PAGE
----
Candidates for Volusia County Council are considering affordable housing
Candidates for council president share views on affordable housing in Volusia
Candidates for the 2024 race for Volusia County Council President share their thoughts during FAITH’s Community Issues Assembly in Daytona Beach.
Candidates for Volusia County Council president expressed support for creating a dedicated fund for affordable housing during an event this week that attracted hundreds to a Daytona Beach church.
Members of Faith – Fighting Injustice Towards Harmony, a non-profit organization made up of members of faith congregations across the county, organized a candidate forum on affordable housing as part of the Community Issues Assembly this week at the Allen Chapel African Methodist Episcopal Church at 580 George W. Bush. Ingram Blvd. In Daytona Beach.
Event attendance is estimated at more than 400 people
Organizers estimated that more than 400 people attended the event, which focused on some of the group’s priorities such as affordable housing and criminal justice.
FAITH is active in county council meetings, sometimes bringing large groups into council chambers to call on members to take action on a range of issues.
The group hosted dozens of meetings to learn about people’s interests. Pedro Dash, of Tubman King Community Church, said most of the stories they heard focused on the lack of affordable housing. People also talked about rising home insurance costs, he said.
He said: “We heard dozens of stories about people who are worried about their children and grandchildren who are struggling to save enough to provide a place to live.” “We have heard from seniors across the county who are being removed from their homes.”
In Volusia County, there is a large gap between the need for affordable housing and what is available.
The county’s affordable housing plan, approved in 2022, said the county needs 11,530 affordable housing units.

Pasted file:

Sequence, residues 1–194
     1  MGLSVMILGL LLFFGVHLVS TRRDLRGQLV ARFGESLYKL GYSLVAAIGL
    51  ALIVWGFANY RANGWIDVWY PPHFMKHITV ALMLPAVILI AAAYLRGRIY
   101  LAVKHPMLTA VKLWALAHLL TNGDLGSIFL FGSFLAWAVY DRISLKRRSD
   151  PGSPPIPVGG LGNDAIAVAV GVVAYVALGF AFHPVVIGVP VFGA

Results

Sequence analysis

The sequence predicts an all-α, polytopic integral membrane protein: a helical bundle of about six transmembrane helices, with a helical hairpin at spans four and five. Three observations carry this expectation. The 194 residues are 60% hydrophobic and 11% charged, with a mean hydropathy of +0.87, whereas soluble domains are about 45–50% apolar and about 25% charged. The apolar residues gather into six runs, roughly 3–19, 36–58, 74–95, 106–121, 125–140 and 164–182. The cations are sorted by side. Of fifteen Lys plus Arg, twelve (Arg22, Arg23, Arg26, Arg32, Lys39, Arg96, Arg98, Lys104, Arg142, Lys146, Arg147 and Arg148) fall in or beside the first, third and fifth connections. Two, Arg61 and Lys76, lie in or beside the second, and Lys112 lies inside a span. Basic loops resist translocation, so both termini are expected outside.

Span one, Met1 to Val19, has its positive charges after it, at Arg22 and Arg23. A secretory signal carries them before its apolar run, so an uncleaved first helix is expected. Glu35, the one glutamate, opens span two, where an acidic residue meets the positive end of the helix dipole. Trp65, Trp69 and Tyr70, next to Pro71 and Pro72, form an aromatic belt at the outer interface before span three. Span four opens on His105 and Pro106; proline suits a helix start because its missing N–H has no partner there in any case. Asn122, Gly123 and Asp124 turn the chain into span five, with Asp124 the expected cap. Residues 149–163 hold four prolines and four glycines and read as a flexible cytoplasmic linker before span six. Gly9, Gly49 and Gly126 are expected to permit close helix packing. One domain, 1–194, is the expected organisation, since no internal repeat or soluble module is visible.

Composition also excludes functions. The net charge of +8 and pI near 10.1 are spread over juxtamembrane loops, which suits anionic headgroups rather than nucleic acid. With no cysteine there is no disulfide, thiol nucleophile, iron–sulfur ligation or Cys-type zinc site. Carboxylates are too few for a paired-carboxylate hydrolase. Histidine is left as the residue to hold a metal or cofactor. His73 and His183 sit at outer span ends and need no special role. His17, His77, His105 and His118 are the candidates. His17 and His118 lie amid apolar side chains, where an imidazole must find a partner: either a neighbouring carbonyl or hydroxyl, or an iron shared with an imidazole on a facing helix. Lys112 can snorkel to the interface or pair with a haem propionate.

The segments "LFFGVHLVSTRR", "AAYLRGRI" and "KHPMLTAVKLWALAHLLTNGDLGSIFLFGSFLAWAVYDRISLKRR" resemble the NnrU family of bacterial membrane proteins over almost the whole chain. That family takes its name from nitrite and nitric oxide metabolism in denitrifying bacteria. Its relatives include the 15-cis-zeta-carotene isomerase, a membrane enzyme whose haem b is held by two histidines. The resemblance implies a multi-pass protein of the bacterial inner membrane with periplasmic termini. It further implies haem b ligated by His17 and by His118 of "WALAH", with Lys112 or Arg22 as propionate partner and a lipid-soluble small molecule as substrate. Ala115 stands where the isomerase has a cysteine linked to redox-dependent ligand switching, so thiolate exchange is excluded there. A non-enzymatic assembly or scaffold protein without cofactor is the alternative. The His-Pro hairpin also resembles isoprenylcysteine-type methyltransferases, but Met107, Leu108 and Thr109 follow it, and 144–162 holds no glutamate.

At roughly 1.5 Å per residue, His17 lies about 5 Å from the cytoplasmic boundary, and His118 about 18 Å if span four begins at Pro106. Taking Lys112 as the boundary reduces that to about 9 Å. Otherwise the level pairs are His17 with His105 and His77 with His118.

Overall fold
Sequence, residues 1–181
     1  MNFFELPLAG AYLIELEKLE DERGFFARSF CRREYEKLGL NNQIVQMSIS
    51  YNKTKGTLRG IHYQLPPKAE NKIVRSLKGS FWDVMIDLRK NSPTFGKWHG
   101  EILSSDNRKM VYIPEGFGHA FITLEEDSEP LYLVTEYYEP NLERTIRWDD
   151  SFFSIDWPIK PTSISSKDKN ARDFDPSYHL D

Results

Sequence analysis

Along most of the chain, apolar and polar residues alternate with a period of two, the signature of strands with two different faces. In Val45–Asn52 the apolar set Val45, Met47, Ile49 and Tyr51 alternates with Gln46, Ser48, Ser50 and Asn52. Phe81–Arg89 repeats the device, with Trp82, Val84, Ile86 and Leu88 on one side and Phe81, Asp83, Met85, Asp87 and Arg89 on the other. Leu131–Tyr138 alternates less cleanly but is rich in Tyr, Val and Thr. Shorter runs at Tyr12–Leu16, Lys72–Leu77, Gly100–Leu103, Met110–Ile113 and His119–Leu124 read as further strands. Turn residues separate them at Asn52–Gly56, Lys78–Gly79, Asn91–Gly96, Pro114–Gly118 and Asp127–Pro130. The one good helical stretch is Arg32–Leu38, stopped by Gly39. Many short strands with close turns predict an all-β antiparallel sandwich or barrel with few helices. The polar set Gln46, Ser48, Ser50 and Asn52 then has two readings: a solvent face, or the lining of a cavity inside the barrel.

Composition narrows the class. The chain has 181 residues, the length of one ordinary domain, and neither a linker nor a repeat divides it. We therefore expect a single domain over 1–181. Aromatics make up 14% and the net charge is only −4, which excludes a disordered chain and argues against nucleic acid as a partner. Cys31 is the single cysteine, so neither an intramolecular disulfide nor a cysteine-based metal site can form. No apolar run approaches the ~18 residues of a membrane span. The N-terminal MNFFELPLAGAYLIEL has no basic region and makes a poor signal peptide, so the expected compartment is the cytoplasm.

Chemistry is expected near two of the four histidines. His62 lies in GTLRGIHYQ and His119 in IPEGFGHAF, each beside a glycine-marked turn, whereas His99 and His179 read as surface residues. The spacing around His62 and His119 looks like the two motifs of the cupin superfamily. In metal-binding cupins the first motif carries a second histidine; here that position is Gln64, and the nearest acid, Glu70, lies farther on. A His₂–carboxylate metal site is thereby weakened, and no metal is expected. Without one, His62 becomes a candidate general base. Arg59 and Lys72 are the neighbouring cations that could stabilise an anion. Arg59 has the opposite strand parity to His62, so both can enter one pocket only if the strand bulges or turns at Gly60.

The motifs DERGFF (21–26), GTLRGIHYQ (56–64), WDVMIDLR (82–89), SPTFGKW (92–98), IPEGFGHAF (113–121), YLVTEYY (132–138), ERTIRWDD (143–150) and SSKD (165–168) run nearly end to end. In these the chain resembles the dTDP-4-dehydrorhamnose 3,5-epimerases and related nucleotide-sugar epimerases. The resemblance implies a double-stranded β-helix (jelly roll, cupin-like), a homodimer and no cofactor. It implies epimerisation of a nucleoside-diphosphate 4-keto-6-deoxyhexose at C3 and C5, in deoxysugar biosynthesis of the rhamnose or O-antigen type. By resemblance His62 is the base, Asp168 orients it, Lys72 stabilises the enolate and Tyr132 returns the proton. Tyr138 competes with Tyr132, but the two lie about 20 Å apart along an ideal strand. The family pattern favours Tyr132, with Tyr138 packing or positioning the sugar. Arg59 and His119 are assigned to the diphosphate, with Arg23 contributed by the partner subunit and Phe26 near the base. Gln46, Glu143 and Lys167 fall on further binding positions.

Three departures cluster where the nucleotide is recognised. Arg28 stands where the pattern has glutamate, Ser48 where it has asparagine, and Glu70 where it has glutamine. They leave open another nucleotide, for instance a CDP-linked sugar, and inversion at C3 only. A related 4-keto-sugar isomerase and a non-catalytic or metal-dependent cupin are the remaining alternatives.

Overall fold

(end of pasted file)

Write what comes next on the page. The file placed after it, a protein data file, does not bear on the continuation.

Wages are a problem.
According to the National Low Income Housing Coalition, a full-time worker in Volusia County needs to earn $25.04 per hour to be able to afford a two-bedroom apartment at a fair market rent of $1,302 per month. Affordability in this case means not paying more than 30% of their income on housing.
Meanwhile, the estimated average hourly wage for renters in Volusia is $17.48, according to the coalition. With this income, one can afford a monthly rent of $909.
Finding an affordable apartment is difficult, before considering factors such as community safety, amenities, and housing condition.
A search on Zillow on Wednesday turned up 140 results for one-bedroom apartments in Volusia County. The lowest price listed was $800 per month, and there were two listings available for that amount. Both were in Daytona Beach. Listings are quickly rising to more than $1,000 a month for one-bedroom apartments.
Port Orange Mayor Don Burnett and local business owner Randy Day, both running for incumbent County Council President Jeff Brewer, attended the event. Brower, Burnette and Dye are the only candidates who have filed to run for the seat so far.
FAITH Brower called, but he didn’t show up. Brewer said he had a prior commitment to speak at city hall about a proposed fuel storage and distribution facility in Ormond Beach.
View the Affordable Housing Trust Fund
The candidates’ session was short, with Volusia County-Daytona Beach NAACP Branch President Cynthia Slater asking the candidates several questions.
Both Burnett and Day said they believe Volusia County needs an affordable housing trust fund to help create more affordable housing. The trust funds can be used to address “critical housing needs” in the community such as building affordable housing, rehabilitating housing and supporting affordable rental housing, according to the county’s Affordable Housing Plan.